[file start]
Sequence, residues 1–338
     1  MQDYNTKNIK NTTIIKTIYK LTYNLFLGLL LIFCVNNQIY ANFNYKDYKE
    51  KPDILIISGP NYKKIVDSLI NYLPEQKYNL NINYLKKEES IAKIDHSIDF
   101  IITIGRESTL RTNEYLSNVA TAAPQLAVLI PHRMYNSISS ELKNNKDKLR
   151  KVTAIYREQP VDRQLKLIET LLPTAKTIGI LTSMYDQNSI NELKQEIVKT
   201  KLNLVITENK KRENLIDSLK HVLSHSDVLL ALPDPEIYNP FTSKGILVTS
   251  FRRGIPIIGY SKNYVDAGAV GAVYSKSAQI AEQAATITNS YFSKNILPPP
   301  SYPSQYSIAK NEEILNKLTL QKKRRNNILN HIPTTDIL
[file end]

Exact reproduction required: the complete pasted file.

Sequence, residues 1–338
     1  MQDYNTKNIK NTTIIKTIYK LTYNLFLGLL LIFCVNNQIY ANFNYKDYKE
    51  KPDILIISGP NYKKIVDSLI NYLPEQKYNL NINYLKKEES IAKIDHSIDF
   101  IITIGRESTL RTNEYLSNVA TAAPQLAVLI PHRMYNSISS ELKNNKDKLR
   151  KVTAIYREQP VDRQLKLIET LLPTAKTIGI LTSMYDQNSI NELKQEIVKT
   201  KLNLVITENK KRENLIDSLK HVLSHSDVLL ALPDPEIYNP FTSKGILVTS
   251  FRRGIPIIGY SKNYVDAGAV GAVYSKSAQI AEQAATITNS YFSKNILPPP
   301  SYPSQYSIAK NEEILNKLTL QKKRRNNILN HIPTTDIL